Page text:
Special thanks to Dr. Bharat G. Patel MD, Radiologist, for his comments on the initial manuscript.


Case report
peer-reviewed

An Atypical Clinical Presentation of Post-traumatic Syringomyelia: A Case Report and Brief Review of the Literature


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Case report
peer-reviewed

An Atypical Clinical Presentation of Post-traumatic Syringomyelia: A Case Report and Brief Review of the Literature

Muhammad Uzair Lodhi ">Muhammad Uzair Lodhi , Aaron R. Kuzel">Aaron R. Kuzel, Intekhab Askari Syed">Intekhab Askari Syed , Mustafa Rahim ">Mustafa Rahim

  • Author Information
    Muhammad Uzair Lodhi

    Medical Student, Department of Medicine, Raleigh General Hospital, Beckley, Wv

    Aaron R. Kuzel

    Department of Emergency Medicine, Lincoln Memorial University-Debusk College of Osteopathic Medicine

    Intekhab Askari Syed Corresponding Author

    Internal Medicine, Beckley Appalachian Regional Healthcare

    Internal Medicine, Raleigh General Hospital, Beckley, Wv

    Mustafa Rahim

    Assistant Clinical Professor of Internal Medicine, West Virginia University School of Medicine

    Adjunct Faculty, Lincoln Memorial University, School of Medicine


    Ethics Statement and Conflict of Interest Disclosures

    Human subjects: Consent was obtained by all participants in this study. Conflicts of interest: In compliance with the ICMJE uniform disclosure form, all authors declare the following: Payment/services info: All authors have declared that no financial support was received from any organization for the submitted work. Financial relationships: All authors have declared that they have no financial relationships at present or within the previous three years with any organizations that might have an interest in the submitted work. Other relationships: All authors have declared that there are no other relationships or activities that could appear to have influenced the submitted work.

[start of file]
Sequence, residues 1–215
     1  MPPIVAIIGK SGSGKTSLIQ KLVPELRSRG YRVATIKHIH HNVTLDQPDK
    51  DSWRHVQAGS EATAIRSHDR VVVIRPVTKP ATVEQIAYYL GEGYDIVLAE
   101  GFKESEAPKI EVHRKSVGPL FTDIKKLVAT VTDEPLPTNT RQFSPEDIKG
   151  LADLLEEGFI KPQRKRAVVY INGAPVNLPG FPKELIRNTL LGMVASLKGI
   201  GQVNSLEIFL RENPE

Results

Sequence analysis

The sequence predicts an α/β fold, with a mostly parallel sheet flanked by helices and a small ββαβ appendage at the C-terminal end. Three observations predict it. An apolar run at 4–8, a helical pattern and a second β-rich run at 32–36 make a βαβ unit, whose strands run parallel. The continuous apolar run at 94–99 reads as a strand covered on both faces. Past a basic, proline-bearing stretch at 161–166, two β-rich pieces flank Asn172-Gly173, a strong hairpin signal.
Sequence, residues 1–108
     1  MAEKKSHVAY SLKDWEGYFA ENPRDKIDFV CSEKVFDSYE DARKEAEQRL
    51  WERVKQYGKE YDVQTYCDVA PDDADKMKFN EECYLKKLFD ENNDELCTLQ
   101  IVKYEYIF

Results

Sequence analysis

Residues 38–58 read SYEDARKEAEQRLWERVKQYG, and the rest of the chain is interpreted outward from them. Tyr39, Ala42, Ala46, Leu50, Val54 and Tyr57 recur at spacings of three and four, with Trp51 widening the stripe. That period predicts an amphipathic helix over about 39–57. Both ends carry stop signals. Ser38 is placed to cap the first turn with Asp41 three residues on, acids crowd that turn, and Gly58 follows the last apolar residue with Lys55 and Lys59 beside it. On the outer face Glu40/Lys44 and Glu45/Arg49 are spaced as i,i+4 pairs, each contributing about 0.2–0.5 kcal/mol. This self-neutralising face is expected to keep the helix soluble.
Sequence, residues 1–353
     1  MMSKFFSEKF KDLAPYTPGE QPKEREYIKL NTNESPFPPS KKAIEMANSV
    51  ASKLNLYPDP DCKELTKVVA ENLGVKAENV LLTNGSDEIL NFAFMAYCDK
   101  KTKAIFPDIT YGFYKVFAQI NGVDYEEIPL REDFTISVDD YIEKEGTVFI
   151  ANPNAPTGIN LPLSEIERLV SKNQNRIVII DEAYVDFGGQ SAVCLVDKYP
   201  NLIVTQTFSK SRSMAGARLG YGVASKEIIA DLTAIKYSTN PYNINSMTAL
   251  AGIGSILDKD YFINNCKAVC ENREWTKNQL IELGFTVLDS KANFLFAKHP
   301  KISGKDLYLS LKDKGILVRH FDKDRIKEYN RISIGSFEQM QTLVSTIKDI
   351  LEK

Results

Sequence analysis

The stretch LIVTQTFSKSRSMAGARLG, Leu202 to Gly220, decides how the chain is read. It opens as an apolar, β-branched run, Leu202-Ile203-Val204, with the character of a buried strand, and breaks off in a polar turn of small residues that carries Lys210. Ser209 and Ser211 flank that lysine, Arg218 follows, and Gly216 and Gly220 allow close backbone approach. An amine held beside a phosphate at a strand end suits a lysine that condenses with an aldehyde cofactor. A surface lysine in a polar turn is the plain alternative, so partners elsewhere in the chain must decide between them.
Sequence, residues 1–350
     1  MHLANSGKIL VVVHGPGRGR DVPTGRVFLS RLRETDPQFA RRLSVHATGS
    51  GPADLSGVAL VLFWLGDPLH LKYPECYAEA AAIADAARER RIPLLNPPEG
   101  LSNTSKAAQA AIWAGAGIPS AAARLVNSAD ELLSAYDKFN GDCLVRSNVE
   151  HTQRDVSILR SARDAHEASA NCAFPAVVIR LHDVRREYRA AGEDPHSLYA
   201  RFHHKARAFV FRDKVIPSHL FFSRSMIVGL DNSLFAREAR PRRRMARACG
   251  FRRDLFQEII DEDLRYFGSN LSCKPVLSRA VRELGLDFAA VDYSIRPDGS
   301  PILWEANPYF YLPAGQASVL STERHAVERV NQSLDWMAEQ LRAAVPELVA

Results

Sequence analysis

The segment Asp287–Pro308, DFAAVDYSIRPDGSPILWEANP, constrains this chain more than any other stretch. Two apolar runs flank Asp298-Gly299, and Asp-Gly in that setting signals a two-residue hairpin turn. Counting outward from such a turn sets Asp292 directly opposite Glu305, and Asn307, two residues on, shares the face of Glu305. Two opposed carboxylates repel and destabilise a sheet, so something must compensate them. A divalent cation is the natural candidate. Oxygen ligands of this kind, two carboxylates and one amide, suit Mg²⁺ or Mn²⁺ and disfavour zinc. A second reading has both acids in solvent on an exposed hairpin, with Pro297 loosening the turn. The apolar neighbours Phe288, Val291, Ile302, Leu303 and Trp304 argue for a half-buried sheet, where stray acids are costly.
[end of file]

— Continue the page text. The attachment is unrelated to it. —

Acknowledgements

    Special thanks to Dr. Bharat G. Patel MD, Radiologist, for his comments on the initial manuscript.


    Article Information

    Published: November 16, 2017

    DOI

    10.7759/cureus.1852

    Cite this article as:

    Lodhi M, Kuzel A R, Syed I, et al. (November 16, 2017) An Atypical Clinical Presentation of Post-traumatic Syringomyelia: A Case Report and Brief Review of the Literature. Cureus 9(11): e1852. doi:10.7759/cureus.1852

    Publication history

    Received by Cureus: November 08, 2017
    Peer review began: November 10, 2017